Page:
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Dorm Survival Tips

Written by ESLI
Published on 2018-09-13
You’re in college now! You have left Mom and Dad and you live on your own for the first time. It’s great! Except…you have a roommate now. And you have to share your bathroom with 30 other people. It’s noisy and crowded and a little bit intimidating. It can be especially hard for international students coming to the US for the first time because cultural expectations can be very different!  But with a little organization, you can survive living in a college dorm and have a great time doing it.

1. Have your own shower stuff!  Sharing the shower has some inconvenient drawbacks, but you can get clean and stay clean. First off, get a shower caddy or bag to carry all your things back and forth. Make sure it is big enough to hold your soap or shower gel, shampoo, conditioner, a washcloth or shower pouf, a razor and shaving cream, and anything else you need. You can find these at Walmart, Target, or any pharmacy like Walgreens or CVS. 
The other thing you want is a really good pair of hard plastic shower shoes. You wear these in the shower to avoid getting athlete’s foot or any other fun thing that hangs out in showers used by a lot of people. Avoid foam flip-flops, which absorb water and don’t protect you as well as plastic.

2. Get a Sharpie and label everything! Write your name and room number on your towel and washcloth. Write it on your shower bag and shower shoes and on your notebooks and school supplies.  Most of all, be sure to label any of your snacks that you do not want to share. It is important so that if you lose something, there is information for someone to return it to you. A Sharpie marker will not wash off most things, and they are available in fine-tips if you want to write small. 

3. Speaking of food, here are some tips for food etiquette in a shared room. Label your food, and pay attention to your roommate’s labels. DO NOT eat something that does not belong to you! Even if your roommate did not label something, unless you have both agreed that it is for both of you, do not eat it. When eating or preparing food, be sure to clean up after yourself. The only thing worse than someone else eating your lunch is finding that someone’s soup exploded in the microwave and they didn’t clean it up. Be sure to wash any dirty dishes right away so they do not start to smell or worse: attract insects or mice.  Be a clean roomy! Click on the link for some really good info on how to keep your living spaces clean.
 
4. And speaking of being clean…keep your things tidy. This makes it easier to find what you need and to study, but also keeps your roommate from wanting to scream at you. Make your bed, put away clean clothes and keep dirty clothes in a basket or laundry bag. Wash your sheets regularly, too, as this prevents your room from smelling musty, and helps you sleep well every night!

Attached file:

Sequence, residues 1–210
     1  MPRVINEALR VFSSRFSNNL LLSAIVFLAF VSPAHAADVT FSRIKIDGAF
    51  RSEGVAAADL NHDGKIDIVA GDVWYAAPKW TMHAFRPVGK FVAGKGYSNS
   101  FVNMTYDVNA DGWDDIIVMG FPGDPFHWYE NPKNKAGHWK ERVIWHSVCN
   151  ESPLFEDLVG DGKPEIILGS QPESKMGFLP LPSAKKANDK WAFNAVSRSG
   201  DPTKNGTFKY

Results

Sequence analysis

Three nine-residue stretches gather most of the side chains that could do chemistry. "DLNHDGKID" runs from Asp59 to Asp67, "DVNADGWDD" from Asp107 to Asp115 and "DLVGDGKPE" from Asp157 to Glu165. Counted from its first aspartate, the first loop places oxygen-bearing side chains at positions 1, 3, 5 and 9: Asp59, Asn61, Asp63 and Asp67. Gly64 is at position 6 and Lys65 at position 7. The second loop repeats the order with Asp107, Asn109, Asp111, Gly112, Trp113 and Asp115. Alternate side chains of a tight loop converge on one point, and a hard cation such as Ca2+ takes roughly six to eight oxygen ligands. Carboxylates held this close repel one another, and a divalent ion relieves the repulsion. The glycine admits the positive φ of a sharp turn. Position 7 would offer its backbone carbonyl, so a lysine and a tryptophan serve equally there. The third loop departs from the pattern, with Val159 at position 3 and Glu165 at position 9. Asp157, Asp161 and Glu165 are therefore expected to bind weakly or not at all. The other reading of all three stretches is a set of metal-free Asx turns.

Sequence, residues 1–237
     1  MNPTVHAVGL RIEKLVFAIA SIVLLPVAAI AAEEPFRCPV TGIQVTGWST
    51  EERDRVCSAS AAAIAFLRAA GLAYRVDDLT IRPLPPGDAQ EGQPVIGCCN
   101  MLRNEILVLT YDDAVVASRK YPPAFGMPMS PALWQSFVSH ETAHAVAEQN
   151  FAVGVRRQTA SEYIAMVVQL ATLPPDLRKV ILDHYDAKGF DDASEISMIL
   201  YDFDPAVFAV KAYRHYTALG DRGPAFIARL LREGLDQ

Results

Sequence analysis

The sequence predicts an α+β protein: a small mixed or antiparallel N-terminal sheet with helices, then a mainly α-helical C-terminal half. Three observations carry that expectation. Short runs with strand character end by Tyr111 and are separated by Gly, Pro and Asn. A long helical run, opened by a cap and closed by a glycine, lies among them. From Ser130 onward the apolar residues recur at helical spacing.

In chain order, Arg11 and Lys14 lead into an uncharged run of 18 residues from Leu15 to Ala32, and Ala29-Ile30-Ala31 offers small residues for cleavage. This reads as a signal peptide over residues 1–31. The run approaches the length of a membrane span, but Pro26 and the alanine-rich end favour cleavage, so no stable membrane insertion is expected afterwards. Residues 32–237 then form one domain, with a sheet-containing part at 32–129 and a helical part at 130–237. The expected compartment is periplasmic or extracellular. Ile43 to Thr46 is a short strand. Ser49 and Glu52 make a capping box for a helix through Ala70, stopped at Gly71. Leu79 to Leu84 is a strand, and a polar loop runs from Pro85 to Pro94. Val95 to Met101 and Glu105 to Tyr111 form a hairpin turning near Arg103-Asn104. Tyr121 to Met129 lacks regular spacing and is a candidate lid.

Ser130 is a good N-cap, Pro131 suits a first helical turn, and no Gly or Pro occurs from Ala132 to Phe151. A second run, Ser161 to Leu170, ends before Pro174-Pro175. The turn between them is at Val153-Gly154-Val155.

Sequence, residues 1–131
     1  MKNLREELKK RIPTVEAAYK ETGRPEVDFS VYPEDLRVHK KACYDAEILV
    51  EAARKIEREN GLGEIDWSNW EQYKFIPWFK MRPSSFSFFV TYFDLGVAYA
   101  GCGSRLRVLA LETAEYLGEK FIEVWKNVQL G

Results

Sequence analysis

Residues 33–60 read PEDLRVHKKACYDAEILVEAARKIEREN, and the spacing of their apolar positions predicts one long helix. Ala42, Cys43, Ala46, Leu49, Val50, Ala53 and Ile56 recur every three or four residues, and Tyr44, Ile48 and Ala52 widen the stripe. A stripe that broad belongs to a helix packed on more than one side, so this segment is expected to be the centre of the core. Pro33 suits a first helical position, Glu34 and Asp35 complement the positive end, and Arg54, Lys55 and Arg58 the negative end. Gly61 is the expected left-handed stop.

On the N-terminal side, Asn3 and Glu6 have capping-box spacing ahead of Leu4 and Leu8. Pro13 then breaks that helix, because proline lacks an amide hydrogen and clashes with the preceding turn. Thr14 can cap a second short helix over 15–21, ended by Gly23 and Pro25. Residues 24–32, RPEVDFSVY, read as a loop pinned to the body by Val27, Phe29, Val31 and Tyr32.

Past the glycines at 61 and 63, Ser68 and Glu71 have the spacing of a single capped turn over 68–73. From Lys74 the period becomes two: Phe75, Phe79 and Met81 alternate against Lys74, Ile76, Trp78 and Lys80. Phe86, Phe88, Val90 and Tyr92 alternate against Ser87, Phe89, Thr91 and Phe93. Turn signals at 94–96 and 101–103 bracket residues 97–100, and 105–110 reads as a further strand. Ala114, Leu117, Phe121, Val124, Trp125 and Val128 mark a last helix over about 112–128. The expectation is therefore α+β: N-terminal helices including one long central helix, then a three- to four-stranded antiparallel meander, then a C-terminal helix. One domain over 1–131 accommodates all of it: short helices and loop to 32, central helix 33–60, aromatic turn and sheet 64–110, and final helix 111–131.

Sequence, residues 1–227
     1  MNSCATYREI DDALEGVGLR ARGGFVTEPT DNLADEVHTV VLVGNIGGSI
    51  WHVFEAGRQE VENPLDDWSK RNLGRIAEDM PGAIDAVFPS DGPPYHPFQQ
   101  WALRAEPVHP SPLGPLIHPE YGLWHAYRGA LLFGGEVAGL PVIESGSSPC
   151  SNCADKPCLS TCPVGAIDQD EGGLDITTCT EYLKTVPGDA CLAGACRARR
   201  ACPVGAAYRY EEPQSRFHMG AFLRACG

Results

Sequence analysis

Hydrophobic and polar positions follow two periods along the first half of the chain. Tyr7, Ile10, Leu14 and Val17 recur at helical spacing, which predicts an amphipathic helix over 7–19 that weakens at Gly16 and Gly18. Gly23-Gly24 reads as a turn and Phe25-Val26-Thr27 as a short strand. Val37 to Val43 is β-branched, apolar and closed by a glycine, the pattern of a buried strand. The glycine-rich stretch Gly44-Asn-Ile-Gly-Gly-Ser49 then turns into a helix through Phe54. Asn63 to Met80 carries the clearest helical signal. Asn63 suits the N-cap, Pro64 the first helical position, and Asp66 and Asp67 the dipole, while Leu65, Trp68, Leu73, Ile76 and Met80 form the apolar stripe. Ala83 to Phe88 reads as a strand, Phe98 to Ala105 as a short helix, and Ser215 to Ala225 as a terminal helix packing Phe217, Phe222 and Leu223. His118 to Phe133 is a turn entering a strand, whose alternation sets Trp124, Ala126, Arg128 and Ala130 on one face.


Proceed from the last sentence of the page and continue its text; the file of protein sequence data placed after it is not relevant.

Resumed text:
5. If you have an American roommate, you are in luck! You will learn English much faster than if you had a roommate from your own country. But this also means culture clash and international students are not always prepared for living with an American. American students expect that their personal space will be respected and that the rules above will be respected as well. You will want to be sure to keep your things on your side of the room and to avoid sitting on your roommate’s bed or using their desk without asking first. It’s hard to live with someone you don’t know, and respecting their space is important. And make sure they treat you with the same respect! It’s okay to ask them not to leave their Starbucks cups on your desk, or to keep their feet off your bed. 

6. What if you and your roommate just don’t get along? If you fight or argue all the time? This is where your Residential Advisor (RA) comes in. Make a point of introducing yourself to your RA as soon as you can after moving into the dorm. He or she will help you out if you have any issues with the dorm, with your roommate, or with any other dorm resident. This person is “in charge” of a specific set of rooms or a floor in the dorm, and will help you understand the rules, get along with a roommate, and be a good resident. You want the RA to know you and like you!
Studies show that students who live on campus get better grades and enjoy college more than those who do not. International students benefit most from being in close contact with English speakers, so they learn the language and culture quickly, and make friends quickly, too. You might even meet the love of your life in a college dorm!  If you are a courteous roommate and take care of yourself and your things, you will enjoy your life in the dorms. For more information, click on one of the links below.
6 Survival Tips for Life in a Dorm
5 Tips for Staying Healthy While Living in a Dorm
10 Tips for Living with a College Roommate


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